Monday, August 06, 2007

Charles Henry Ham

CHAPTER I. THE IDEAL SCHOOL. (a vision that faded long ago.)

Its Situation.—Its Tall Chimney.—The Whir of Machinery and Sound of the Sledgehammer.—The School that is to dignify Labor.—The Realization of the Dream of Bacon, Rousseau, Comenius, Pestalozzi, and Froebel.—The School that fitly represents the Age of Steel. THE Ideal School is an institution which develops and trains to-usefulness the moral, physical,and intellectual powers of man. It is what Comenius called Humanity's workshop, and in America it is becoming the natural center of the Public School system.

The building, well designed for its occupancy, is large, airy, open to the light on every side, amply provided with all appliances requisite for instruction in the arts and sciences, and finished interiorly and exteriorly in the highest style of useful and beautiful architectural effects. The distinguishing characteristic of the Ideal School building is its chimney, which rises far above the roof, from whose tall stack a column of smoke issues, and the hum and whir of machinery is heard, and the heavy thud of the sledgehammer resounding on the anvil, smites the ear.

It is, then, a factory rather than a school? No. It is a school; the school of the future; the school that is to dignify labor; the school that is to generate power; the school where every sound contributes to the harmony of development, where the brain informs the muscle, where thought directs every blow, where the mind, the eye, and the hand constitute an invincible triple alliance. This is the school that Locke dreamed of, that Bacon wished for, that Rousseau described, and that Comenius, Pestalozzi, and Froebel struggled in vain to establish. It is, then, science and the arts in apotheosis. For if it be, as claimed, the Ideal school, it is destined to lift the veil from the face of Nature, to reveal her most precious secrets, and to divert to man's use all her treasures. Yes; it is to other schools what the diamond is to other precious stones—the last analysis of educational thought. It is the philosopher's stone in education; the incarnated dream of the alchemist, which dissolved earth, air, and water into their original elements, and recombined them to compass man's immortality. Through it that which has hitherto been impossible is to become a potential reality. In this building which resembles a factory or machine shop an educational revolution is to be wrought. Education is to be rescued from the domination of medieval ideas, relieved of the enervating influence of Grecian aestheticism, and confided to the scientific direction of the followers of Bacon, whose philosophy is common sense and its law, progress. The philosophy of Plato left in its wake a long line of abstract propositions, decayed civilizations, and ruined cities, while the philosophy of Bacon, in the language of Macaulay,"has lengthened life; mitigated pain; extinguished diseases; increased the fertility of the soil; given new securities to the mariner; spanned great rivers and estuaries with bridges of form unknown to our fathers; guided the thunderbolt innocuously from heaven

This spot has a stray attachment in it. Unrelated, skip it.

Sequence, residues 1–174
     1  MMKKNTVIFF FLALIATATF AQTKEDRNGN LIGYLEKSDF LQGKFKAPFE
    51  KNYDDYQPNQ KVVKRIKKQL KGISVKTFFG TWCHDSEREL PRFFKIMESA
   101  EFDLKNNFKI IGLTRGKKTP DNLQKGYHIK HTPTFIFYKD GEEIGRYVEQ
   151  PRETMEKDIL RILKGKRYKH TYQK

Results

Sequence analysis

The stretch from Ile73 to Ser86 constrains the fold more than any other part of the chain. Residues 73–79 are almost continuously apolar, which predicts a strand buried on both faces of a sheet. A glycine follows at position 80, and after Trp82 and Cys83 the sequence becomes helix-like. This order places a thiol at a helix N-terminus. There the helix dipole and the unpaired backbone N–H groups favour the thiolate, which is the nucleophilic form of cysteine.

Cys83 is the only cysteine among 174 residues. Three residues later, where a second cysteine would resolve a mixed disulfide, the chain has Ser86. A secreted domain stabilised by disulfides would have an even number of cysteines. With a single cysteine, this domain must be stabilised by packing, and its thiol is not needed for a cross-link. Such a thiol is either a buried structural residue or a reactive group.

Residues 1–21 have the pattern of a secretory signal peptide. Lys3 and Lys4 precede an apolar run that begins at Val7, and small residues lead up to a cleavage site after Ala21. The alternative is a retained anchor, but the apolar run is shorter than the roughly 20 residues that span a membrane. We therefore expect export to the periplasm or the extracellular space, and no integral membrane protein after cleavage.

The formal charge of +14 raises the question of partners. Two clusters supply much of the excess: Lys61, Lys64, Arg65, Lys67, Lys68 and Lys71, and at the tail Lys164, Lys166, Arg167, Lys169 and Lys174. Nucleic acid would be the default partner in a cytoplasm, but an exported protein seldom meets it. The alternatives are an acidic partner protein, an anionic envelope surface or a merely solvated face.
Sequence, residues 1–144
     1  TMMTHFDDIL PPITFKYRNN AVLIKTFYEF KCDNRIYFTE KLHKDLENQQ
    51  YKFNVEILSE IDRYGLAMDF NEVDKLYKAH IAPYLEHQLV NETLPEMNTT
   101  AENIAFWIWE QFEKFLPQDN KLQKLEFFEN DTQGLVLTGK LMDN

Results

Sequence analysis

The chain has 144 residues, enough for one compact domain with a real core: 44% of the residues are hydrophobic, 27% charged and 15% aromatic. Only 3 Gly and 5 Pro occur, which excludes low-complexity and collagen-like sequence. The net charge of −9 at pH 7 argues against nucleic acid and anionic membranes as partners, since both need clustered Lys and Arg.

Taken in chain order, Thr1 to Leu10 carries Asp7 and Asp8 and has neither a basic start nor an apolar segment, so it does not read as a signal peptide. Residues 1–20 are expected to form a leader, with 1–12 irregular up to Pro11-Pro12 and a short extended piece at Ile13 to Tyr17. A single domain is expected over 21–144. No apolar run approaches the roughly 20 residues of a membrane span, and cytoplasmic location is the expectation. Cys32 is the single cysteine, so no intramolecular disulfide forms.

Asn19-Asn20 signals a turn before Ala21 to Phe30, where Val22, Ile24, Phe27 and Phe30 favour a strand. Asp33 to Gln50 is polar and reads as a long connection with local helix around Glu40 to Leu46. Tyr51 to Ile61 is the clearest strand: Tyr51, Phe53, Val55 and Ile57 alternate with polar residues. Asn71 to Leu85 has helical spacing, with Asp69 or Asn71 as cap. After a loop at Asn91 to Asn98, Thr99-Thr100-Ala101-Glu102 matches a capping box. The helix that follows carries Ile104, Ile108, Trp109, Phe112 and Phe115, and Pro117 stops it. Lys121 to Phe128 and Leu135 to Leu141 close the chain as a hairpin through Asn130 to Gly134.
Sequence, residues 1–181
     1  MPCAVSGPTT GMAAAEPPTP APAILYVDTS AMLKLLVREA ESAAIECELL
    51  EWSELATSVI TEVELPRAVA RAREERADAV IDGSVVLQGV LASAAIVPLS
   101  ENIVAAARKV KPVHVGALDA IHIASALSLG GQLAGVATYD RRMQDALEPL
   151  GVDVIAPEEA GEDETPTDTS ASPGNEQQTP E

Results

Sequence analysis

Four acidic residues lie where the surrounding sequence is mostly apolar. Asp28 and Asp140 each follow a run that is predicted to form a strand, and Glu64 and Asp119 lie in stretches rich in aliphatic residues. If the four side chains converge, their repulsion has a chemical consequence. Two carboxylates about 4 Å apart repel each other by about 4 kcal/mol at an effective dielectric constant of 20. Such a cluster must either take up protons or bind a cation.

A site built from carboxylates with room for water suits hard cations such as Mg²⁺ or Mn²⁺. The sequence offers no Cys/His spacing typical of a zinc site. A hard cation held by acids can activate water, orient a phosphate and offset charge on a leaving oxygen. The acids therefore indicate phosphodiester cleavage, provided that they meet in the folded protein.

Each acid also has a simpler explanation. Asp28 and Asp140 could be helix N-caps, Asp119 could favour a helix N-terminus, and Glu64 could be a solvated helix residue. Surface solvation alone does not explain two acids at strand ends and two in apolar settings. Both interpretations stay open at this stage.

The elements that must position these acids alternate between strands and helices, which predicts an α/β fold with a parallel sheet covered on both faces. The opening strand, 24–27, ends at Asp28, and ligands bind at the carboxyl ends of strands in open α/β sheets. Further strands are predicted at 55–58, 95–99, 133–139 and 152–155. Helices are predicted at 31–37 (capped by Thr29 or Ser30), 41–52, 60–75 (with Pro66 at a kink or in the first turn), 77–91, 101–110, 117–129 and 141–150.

to earth; lighted up the night with the splendor of the day; extended the range of the human vision; multiplied the power of the human muscles; accelerated motion; annihilated distance; facilitated intercourse, correspondence, all friendly offices, all dispatch of business; enabled man to descend to the depths of the sea, to soar into the air, to penetrate securely into the noxious recesses of the earth, to traverse the land in cars which whirl along without horses, and the ocean in ships which run ten knots an hour against the wind. It is this beneficent work of Bacon that the Ideal school is to continue—the work of demonstrating to the world that the most useful thing is the most beautiful thing—discarding Plato, the apostle of idle speculation, and exalting Bacon, the minister of use.

In laying the foundations of education in labor it is dignified and education is ennobled. In such a union there is honor and strength, and long life to our institutions. For the permanence of the civil compact in this country, as in other countries, depends less upon a wide diffusion of unassimilated and undigested intelligence than upon such a thorough, practical education of the masses in the arts and sciences as shall enable them to secure, and qualify them to store up, a fair share of the aggregate produce of labor. If this school shall appear like a hive of industry, let the reader not be deceived. Its main purpose, intellectual development, is never lost sight of for a moment.

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